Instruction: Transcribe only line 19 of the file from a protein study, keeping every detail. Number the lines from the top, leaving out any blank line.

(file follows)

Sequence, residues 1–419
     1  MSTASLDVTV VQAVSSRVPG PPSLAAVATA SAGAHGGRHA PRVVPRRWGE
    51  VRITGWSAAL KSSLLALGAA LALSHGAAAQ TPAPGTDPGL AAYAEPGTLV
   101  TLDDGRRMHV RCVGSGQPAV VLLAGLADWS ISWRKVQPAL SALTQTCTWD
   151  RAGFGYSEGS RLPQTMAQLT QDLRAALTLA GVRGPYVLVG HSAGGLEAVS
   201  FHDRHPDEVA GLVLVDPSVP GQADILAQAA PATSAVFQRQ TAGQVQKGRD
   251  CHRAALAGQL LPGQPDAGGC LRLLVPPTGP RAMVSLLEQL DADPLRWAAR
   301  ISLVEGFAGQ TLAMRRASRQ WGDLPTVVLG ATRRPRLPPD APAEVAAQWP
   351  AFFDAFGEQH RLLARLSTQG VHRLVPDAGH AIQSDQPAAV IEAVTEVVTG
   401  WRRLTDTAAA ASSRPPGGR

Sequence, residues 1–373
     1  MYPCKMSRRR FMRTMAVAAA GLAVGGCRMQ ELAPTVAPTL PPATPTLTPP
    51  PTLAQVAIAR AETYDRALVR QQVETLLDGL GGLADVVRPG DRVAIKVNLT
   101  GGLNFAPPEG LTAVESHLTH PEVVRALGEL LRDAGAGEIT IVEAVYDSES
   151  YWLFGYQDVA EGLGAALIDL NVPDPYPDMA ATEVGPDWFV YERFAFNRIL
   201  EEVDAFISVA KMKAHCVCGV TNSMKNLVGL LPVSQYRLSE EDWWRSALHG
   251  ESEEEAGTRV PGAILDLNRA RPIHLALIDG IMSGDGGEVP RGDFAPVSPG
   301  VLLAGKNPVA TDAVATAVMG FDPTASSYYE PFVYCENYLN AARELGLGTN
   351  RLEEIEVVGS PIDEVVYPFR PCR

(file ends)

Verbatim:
   351  RLEEIEVVGS PIDEVVYPFR PCR